Don’t want : Want
Recently, an unhinged person went off on me with a giant rant about how I failed his expectations. He manufactured a Story to tell everyone and try to embarrass me; he called it a “failed date” because it was so obviously transactional. It wasn’t a date, actually; it was a first time meeting during evening hours to see who this weird chatty artist dude on the internet was. It wasn’t even time-confirmed, it was a preconceived meet-up at the end of the day. But that’s beside the point. Expectations to follow his lead and laissez les bons temps roulez (an appropriate term for this day, but not always) were shirked. I was transactional.
Well, I hate to break it to people, especially those who have infinite patience for meandering amusement, who may find this rant (two paragraphs and then the good stuff, I promise) amusing, but dates ARE a means to an end — beyond the covert goal-seeking of getting laid: the end is partnerships for aspirational projects and/or durable relationships. That means repeated meetings of a getting-to-know-you nature, and talk of tertiary subjects. I don’t want to date anyone I can’t collaborate with. I don’t want to Netflix and Chill. I don’t want to go to a bar after a restaurant after another bar. I don’t want to take charge of my life! to have a relationship with someone who’s just … blithely taking and passing on the bounty of others taking charge. (That still can be someone you can befriend and do projects with, but it’s not a real match for the heart.) I don’t want to audition to be someone’s copacetic sidekick. I Hell No want to have “that was a real swell thing we did, thx for ur help, now fuck off;” I am not a instrument to avail oneself of and then dispose. Moving on…
And don’t tell me that “interviewing” — asking questions to find out what someone is like, not to be confused with “grill” — is rude. The fear of being assessed, dropped, and gossiped about is completely, totally real and I empathize, because it always abuts some group-enforced preconceived notion about who one should be. This is why I dislike the “What do you do?” question upon meeting people, though it is actually necessary at some point. It definitely comes out rude, unless it’s gotten around to in an oblique manner. But if you don’t ask questions to let the conversation unroll in a derivative way, you’re … biding time. Don’t you ever get sick of biding time? I have.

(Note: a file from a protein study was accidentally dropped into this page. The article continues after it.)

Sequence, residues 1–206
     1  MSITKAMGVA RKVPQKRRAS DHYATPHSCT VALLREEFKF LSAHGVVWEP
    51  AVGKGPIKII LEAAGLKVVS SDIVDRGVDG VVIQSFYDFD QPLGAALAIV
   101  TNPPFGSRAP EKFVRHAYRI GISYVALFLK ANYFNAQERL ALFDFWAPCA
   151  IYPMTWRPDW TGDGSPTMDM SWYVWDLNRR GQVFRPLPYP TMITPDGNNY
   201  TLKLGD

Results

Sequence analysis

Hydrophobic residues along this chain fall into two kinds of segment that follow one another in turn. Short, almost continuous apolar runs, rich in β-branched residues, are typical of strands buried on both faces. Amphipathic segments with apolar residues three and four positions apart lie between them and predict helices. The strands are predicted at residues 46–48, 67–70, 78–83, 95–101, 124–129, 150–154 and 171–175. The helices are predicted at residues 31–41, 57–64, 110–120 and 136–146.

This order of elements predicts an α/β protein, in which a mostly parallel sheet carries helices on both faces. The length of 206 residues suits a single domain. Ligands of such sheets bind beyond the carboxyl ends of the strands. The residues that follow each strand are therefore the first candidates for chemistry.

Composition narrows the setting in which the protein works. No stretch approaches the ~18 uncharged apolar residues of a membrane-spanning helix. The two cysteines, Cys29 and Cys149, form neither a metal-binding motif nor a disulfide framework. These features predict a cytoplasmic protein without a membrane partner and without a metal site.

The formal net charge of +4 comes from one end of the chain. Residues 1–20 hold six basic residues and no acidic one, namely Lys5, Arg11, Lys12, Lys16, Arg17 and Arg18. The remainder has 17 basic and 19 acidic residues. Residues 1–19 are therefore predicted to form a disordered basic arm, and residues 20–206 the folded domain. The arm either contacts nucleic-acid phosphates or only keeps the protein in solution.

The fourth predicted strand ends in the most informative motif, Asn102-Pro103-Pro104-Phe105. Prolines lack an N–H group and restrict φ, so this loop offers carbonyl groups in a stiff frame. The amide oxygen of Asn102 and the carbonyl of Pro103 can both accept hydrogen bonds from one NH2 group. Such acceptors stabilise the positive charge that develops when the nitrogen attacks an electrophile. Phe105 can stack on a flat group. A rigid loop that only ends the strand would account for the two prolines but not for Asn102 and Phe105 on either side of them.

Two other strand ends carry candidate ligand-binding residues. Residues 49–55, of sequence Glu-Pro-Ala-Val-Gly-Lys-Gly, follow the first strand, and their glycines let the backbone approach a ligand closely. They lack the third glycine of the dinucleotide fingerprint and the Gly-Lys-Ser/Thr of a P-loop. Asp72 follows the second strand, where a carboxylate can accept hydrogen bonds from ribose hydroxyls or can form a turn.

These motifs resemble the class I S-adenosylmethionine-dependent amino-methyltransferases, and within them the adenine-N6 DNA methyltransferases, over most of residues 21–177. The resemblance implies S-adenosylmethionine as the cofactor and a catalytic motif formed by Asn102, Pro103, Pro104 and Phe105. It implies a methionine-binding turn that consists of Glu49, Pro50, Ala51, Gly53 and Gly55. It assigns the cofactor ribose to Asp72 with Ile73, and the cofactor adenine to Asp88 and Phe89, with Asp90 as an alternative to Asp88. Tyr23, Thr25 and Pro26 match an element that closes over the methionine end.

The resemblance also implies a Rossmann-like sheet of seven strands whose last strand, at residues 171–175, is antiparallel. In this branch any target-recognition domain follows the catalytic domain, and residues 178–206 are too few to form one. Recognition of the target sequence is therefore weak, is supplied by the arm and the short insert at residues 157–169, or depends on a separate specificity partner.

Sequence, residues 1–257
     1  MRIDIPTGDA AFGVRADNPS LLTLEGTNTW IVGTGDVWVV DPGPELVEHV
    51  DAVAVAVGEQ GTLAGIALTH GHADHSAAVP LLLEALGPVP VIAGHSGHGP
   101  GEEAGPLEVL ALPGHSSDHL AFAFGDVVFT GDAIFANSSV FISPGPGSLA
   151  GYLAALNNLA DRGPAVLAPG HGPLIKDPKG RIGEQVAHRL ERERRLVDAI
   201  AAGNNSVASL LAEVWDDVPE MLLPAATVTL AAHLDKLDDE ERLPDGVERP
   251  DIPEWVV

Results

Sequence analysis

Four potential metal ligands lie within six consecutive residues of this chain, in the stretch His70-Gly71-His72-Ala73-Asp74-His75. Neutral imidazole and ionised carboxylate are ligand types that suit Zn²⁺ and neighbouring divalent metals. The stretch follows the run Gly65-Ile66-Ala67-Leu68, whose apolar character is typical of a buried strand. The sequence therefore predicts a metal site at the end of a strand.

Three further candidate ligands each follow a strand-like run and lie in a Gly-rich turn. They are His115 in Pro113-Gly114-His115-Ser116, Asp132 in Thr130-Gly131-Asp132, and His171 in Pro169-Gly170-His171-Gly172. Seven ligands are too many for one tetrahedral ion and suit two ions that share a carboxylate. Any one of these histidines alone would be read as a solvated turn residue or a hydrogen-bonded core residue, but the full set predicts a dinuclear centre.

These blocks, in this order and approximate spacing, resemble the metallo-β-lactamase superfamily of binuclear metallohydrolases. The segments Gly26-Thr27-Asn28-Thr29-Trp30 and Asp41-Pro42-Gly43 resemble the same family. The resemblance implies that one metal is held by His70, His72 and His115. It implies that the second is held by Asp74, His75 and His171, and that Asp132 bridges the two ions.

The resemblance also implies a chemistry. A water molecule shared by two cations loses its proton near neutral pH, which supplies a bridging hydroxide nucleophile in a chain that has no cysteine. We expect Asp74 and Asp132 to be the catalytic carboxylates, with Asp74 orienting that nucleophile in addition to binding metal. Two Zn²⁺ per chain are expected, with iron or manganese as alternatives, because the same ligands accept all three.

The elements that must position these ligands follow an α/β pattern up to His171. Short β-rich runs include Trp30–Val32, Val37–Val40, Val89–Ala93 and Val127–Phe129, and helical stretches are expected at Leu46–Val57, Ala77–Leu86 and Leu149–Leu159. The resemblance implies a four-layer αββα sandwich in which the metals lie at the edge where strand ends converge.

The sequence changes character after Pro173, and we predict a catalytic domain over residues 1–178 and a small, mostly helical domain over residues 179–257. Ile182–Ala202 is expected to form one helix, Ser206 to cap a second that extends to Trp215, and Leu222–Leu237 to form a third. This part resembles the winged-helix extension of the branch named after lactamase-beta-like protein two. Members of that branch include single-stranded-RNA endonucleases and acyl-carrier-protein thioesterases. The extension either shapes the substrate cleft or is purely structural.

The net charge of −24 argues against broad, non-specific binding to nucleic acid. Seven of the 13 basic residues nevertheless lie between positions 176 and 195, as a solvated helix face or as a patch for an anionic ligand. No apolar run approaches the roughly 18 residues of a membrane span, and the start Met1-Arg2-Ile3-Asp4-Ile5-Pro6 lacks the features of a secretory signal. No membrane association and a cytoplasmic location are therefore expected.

(Derivative: relevant, tangential, useful. Non-derivative: a meaningless, amusing distraction.)
We all concentrate so much on what we don’t want, we often miss the kernel or opportunity of do-want within.
I like figuring out where people could fit, and launch from there. I want to collaborate. I do want to “hygge” and read books in company. I do want pointless walks in the woods (I care less about coffee shops and restaurants, but these are easier to access and others seem to love them). I can play the sidekick; I need sidekicks, no audition process necessary! I want people who go there first — so that I can respond. I want people who live free, but attach to the real, not just selecting for the deal. I want people who show how they evolve, whether in small enough increments, or leaps that they might be modest and minimize. I want people who have friends they don’t live and conduct themselves by, but appreciate and considerate in the true senses of these words. Those are the people I want around me. And most of all, I want to see courage in the face of uncertainty, an ability to flex without losing integrity.
Does this seem like a high demand? I don’t know. I think others can and do identify with this, and even more: this is where we are all headed. I’m going to work on building frameworks to help.
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